GPG signatures are a proof that distributed files have been signed by the owner of the signing key. For example, if this website was compromised and the original Electrum-DOI files had been replaced, signature verification would fail, because the attacker would not be able to create valid signatures. (Note that an attacker would be able to create valid hashes, this is why we do not publish hashes of our binaries here, it does not bring any security).
In order to be able to verify GPG signatures, you need to import the public key of the signer. Electrum-DOI binaries are signed with Lena Stallinger’s public key. On Linux, you can import that key using the following command: gpg –import LenaStallinger.asc. Here are tutorials for Windows. When you import a key, you should check its fingerprint using independent sources, such as here, or use the Web of Trust.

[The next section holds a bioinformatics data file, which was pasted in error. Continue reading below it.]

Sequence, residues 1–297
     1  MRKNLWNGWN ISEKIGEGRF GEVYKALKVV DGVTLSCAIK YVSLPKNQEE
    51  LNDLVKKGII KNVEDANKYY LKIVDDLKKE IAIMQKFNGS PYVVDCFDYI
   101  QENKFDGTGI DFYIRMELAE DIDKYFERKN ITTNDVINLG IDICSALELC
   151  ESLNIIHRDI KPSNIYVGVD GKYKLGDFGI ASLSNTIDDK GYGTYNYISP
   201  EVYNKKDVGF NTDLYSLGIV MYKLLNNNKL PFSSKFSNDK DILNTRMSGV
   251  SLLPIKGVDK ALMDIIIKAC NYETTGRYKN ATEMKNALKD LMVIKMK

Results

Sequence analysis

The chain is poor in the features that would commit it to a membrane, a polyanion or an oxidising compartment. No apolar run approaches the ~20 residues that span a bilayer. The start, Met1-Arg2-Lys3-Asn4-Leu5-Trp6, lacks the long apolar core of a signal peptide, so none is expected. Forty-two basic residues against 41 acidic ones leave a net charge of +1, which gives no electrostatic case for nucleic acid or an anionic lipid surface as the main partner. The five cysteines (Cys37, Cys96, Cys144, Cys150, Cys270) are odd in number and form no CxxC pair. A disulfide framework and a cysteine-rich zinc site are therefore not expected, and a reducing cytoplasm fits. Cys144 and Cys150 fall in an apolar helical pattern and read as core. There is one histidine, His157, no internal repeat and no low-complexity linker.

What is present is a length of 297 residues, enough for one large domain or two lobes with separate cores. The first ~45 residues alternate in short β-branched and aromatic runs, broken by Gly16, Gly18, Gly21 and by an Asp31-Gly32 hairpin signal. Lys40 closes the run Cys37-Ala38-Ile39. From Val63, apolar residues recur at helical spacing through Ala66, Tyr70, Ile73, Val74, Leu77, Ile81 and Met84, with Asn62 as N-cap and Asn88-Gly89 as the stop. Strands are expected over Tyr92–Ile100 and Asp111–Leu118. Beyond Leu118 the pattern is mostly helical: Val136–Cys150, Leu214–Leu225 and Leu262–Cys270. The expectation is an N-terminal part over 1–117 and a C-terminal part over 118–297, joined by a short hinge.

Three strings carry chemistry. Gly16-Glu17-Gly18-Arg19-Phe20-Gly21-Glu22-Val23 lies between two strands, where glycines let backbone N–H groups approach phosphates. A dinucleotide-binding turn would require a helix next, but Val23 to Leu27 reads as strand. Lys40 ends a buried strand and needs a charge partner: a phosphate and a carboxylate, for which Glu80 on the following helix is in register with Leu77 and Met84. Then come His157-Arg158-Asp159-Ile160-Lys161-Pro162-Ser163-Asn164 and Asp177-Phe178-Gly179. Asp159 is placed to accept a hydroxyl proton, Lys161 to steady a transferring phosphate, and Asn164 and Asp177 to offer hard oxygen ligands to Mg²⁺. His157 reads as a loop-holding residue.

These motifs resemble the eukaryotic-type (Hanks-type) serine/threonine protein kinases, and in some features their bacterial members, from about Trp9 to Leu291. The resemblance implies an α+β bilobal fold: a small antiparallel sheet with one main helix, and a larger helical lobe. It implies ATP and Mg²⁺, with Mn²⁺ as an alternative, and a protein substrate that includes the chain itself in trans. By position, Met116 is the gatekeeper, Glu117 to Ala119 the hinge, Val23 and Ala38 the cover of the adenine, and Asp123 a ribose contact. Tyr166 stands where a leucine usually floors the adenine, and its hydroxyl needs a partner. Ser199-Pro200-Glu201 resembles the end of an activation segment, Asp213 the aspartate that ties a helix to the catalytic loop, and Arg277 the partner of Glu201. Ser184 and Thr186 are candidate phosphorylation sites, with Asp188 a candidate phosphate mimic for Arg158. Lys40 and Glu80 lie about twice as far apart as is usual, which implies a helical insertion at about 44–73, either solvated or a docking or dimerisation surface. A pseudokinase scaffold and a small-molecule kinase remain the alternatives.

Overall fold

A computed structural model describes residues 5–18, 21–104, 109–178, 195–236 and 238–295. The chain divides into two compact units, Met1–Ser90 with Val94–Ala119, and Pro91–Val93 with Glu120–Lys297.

Notes for Windows users
Electrum-DOI binaries are often flagged by various anti-virus software. There is nothing we can do about it, so please stop reporting that to us. Anti-virus software uses heuristics in order to determine if a program is malware, and that often results in false positives. If you trust the developers of the project, you can verify the GPG signature of Electrum-DOI binaries, and safely ignore any anti-virus warnings. If you do not trust the developers of the project, you should build the binaries yourself, or run the software from source. Finally, if you are really concerned about malware, you should not use an operating system that relies on anti-virus software.
Lena Stallinger OpenPGP (primary): 6694 D8DE 7BE8 EE56 31BE D950 2BD5 824B 7F94 70E6 (download public key)